“When I joined Meta,” he continues, “it was really the first opportunity in my career to understand what it means to be able to bring my authentic self to work and not worry about code-switching, or the way I looked, and not worrying about being judged by those around me.”
“My role itself in network engineering is really connecting people around the world.” Aaron finds this kind of work, where people and communities are connected in new ways with the help of technology, especially rewarding. “It's helping to get more people connected, or getting resources available that they didn't have before.”

Global sisterhood

On a crisp, clear February morning in Manhattan, recruiter Victoria B. dodges piles of melting snow as she makes her way to Meta's offices. Here, she recruits PhDs for Meta's internship programs.
From a young age, Victoria knew what it felt like to be an outsider. Growing up in Kansas, she was often the only Black girl in her class. Seeking the bonds that community brings informed Victoria's career trajectory, eventually taking her all the way to Meta in New York City. There, Victoria found community in the Black@ Meta Resource Group, eventually creating the Black Women@ group a few months later.
And she didn't stop there. Inspired by the success of Black Women@ and the community that sprang from it, Victoria was compelled to recreate the group externally. “So many studies have shown that Black women are underrepresented in work, and in our communities, and it's so important for us to find advocates and mentors in our spaces,” she explains. With this in mind, Victoria founded The Flynt, a global Black women's mentorship community.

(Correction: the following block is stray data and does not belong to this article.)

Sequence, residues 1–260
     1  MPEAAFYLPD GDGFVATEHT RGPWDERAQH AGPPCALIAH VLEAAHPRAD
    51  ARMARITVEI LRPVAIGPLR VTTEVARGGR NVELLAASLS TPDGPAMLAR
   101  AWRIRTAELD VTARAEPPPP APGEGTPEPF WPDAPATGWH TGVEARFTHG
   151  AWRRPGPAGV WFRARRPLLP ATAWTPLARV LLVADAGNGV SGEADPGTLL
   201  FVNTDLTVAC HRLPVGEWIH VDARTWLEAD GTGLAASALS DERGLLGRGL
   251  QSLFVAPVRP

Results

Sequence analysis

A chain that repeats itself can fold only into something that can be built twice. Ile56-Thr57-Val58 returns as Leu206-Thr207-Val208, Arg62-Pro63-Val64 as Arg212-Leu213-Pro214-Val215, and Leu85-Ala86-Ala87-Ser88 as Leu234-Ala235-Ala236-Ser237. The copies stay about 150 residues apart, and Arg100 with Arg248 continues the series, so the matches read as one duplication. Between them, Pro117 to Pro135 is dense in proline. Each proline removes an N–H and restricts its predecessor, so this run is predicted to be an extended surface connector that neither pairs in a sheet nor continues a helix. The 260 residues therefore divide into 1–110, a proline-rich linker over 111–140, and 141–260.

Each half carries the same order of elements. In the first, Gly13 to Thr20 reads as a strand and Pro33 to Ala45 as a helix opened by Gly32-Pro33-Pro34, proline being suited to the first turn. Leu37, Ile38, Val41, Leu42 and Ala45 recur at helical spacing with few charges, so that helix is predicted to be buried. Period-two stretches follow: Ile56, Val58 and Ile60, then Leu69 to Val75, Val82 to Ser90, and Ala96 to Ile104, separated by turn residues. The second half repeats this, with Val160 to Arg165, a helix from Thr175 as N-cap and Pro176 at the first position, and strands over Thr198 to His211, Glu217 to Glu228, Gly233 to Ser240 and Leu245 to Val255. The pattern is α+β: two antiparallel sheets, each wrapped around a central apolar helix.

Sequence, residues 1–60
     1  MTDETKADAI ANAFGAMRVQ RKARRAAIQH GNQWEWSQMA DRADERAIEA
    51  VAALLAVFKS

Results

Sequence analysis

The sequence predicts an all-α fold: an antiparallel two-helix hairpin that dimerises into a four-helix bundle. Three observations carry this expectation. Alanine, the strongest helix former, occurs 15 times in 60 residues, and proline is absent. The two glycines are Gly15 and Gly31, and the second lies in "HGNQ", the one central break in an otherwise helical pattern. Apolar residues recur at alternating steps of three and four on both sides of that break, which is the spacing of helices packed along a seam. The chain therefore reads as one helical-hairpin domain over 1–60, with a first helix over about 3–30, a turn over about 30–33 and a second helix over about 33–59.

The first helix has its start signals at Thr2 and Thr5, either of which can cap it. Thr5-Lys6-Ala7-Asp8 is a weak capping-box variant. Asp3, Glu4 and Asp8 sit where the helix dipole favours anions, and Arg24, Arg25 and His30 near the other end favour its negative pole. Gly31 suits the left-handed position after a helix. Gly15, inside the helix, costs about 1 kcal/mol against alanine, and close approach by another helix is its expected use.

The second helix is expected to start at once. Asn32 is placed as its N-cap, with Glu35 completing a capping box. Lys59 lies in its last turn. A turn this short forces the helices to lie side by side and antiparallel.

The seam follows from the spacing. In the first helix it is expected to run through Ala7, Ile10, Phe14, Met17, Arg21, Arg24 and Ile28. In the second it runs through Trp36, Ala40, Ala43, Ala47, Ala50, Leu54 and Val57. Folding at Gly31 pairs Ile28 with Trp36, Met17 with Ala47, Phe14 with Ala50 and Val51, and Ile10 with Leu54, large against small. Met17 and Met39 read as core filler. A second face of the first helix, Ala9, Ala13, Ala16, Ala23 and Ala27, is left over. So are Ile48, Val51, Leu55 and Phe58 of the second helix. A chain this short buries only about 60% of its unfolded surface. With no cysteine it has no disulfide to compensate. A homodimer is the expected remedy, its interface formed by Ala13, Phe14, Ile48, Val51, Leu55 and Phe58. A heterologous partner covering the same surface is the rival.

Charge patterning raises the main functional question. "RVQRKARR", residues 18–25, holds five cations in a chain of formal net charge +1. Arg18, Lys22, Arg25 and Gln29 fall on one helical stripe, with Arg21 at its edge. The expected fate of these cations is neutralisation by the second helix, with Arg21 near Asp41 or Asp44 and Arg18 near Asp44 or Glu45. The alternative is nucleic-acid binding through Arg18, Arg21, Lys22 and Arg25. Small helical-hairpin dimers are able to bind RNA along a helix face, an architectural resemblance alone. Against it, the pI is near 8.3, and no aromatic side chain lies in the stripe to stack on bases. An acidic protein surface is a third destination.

“Working here inspires me to think bigger than myself, to impact my community, to be an advocate for my community,” Victoria says.

Better together

Many companies in the tech space speak of the importance of hiring builders, and Meta is no exception. The way we see things, "builder" can mean designers, programmers, or architects of systems. But it goes beyond that. Marketing teams build sentiment and sales teams build business relationships. People like Sharon, Aaron, and Victoria build community through seeing a need and acting on it. In a way, everyone is a builder.
It takes courage and awareness to build community, and time and commitment to execute on it. Despite this, the people we spoke to agree that the benefits are well worth it. As Victoria said when she harkened back to a poster often seen on the walls of Meta offices: “One of our internal mottos is "nothing at Meta is somebody else's problem." So, why not solve this problem and make things better for others in the community? That's the catalyst that brought me to building.”
This post, originally published on April 9, 2019, was updated on June 29, 2022, to reflect our shift to Meta and new details about team members, roles and responsibilities.